Just because you’re visiting the Douro in the colder months doesn’t mean you have to miss out on the harvest experience. Olives are the region’s other major crop, and unlike grapes, they’re ready to be picked in winter. Most of the olives are destined for use in oil, but some do make their way to tables in Portugal and farther afield. Several companies offer day trips from Porto, where you get to watch and participate in the experience as well as enjoy the fruits of your labor. The harvest starts in December and is typically completed by February.


The narrow, winding roads through the Douro Valley aren’t for the faint-hearted, but if you’re confident behind the wheel, it’s a spectacular drive. In fact, the N222 between Peso de Régua and Pinhão was voted the best driving road in the world by rental company Avis in 2015. Even beyond that particular 17-mile stretch, the region’s roads are far more than just a way of getting from one place to another. Allow far more time than you think you’ll need. Not only because of all those corners and steep drop-offs but also to stop at all the miradouros (viewpoints) that dot hilltops and vantage points along the way.


For a Douro experience of a different kind, forgo the wine tastings and train rides, and head into nature instead. Stretched along the Douro river for 75 miles where it forms the border with Spain, the deep ravines of the Parque Natural do Douro Internacional are very much a forgotten part of the country. To experience the best of the park in a day, take a river cruise through it from the International Biology Station in Miranda do Douro, where you’re likely to see many of the 170+ bird species found there, including peregrine falcons, eagles, vultures, and more. Driving routes are also available (buy a map from the park office), or if you’ve got more time and energy, check out some of the many hiking trails.


For fans of Baroque architecture, a visit to the Santuário de Nossa Senhora dos Remédios (Sanctuary of Our Lady of Remedies) on the top of a hill in the town of Lamego is a must. Construction of the impressive chapel started in the mid-1700s and didn’t finish until the early 20th century. While it’s possible to drive up to the chapel, most visitors climb the 600+ steps to the top instead. Dozens of statues, fountains, and other large decorative elements are found on the staircase and terraces along the way. The pelican fountain near the beginning of the walk is arguably the highlight.


If you’re spending time in Peso de Régua, especially on a hot or rainy day, it’s well worth checking out the Museu do Douro. In this modern museum full of information about the history of the region and the port production process, for €6 you get well-curated exhibits, both temporary and permanent, and (unsurprisingly) a port wine tasting at the end. Seniors and students under 25 pay half price, while children under 12 enter free. The museum is open from 10 a.m. to 6 p.m. during summer, closing half an hour earlier in winter. It's ​shut on December 25, January 1, and May 1.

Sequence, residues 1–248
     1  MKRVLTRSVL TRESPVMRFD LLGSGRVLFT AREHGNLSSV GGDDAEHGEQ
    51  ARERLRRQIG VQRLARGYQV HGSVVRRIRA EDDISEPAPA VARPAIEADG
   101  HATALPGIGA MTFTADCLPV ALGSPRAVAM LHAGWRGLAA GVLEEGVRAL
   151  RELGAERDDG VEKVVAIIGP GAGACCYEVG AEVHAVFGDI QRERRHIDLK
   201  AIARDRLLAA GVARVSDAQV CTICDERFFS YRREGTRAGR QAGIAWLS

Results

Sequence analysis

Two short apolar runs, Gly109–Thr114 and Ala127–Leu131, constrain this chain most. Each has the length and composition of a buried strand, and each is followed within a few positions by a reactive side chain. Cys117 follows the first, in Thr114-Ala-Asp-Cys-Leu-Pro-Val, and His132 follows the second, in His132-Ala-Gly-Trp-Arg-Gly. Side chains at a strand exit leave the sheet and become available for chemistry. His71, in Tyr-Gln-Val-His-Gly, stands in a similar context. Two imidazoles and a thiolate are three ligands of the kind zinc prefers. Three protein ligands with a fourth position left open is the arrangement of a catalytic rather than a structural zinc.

If you’re short on time and long on money, there’s no better way to see the Douro Valley than by taking a helicopter tour above it. Also operating in Porto, local company Helitours offers 20, 30, and 45-minute trips around the Douro that take in some of the best parts of the region. The different tours focus on architecture, landscapes, or both, or you can rent a helicopter and pilot to tailor your own experience, including a food and wine stop.

Travel to Douro Valley


A similar option in terms of pricing is to take a bus to get you from Porto to the Douro Valley. There are several companies offering this connection (Porto-Régua): Rodonorte and Rede Expressos. Rodonorte has a bus from Porto to the Douro Valley departing at 7h00 and the last one at 14h30. The one way ticket costs €9,50. Rede Expressos’ first bus from Porto to the Douro Valley departures at 10h00 and the last one at 18h15. The one way ticket costs €9,50. Pro tip: Honestly, there is no advantage by getting a bus to get you from Porto to the Douro Valley, as it is not cheaper (nor does it take less time) than a train ride. It may come in hand if, for some reason, there are no more spots available on the train.


A private transfer is, naturally, the most expensive way to get from Porto to the Douro Valley. This is, however, the most convenient one if you are staying a couple of nights in the region, as the driver can pick you up from your hotel in Porto and take you to your accommodation in the Douro Valley.


One of the cheapest ways to get from Porto to the Douro Valley is to take the train, a ride is famous for its scenic views of Douro river. You have a direct IR connection (InterRegional) every two hours starting at 7h15 (then 9h15, 11h15…) until 19h30. The price is currently set at €9,75 (Porto – Régua). The slightly cheaper alternative is to take two trains (An Urban followed by a Regional one – you need to switch trains at Caíde train station). However, given the fact that you'll only be saving €1,35 and wasting extra time to switch trains, I really recommend you to take the direct IR train to get from Porto to the Douro Valley. Train is the best way to get from Porto to the Douro Valley you are only going to stay one day in the region.


For the ones out there who love to drive as much as I do, renting a car is the best option to get from Porto to the Douro Valley. Please keep in mind that even though the ride from Porto to Peso da Régua (the main city in Douro Valley) runs very smoothly on the highway, the roads on the region itself are narrow and windy and not suitable for the fainted heart. But if this piece of information does not deter you from driving in the region, you’ll be rewarded with an amazing view on your way from Porto to the Douro Valley. Driving from Porto to the Douro Valley is the best option for those looking for complete freedom and flexibility. However, keep in mind that if you plan to indulge on wine tastings in the Douro Valley, it would be completely reckless and dangerous to drive afterwards!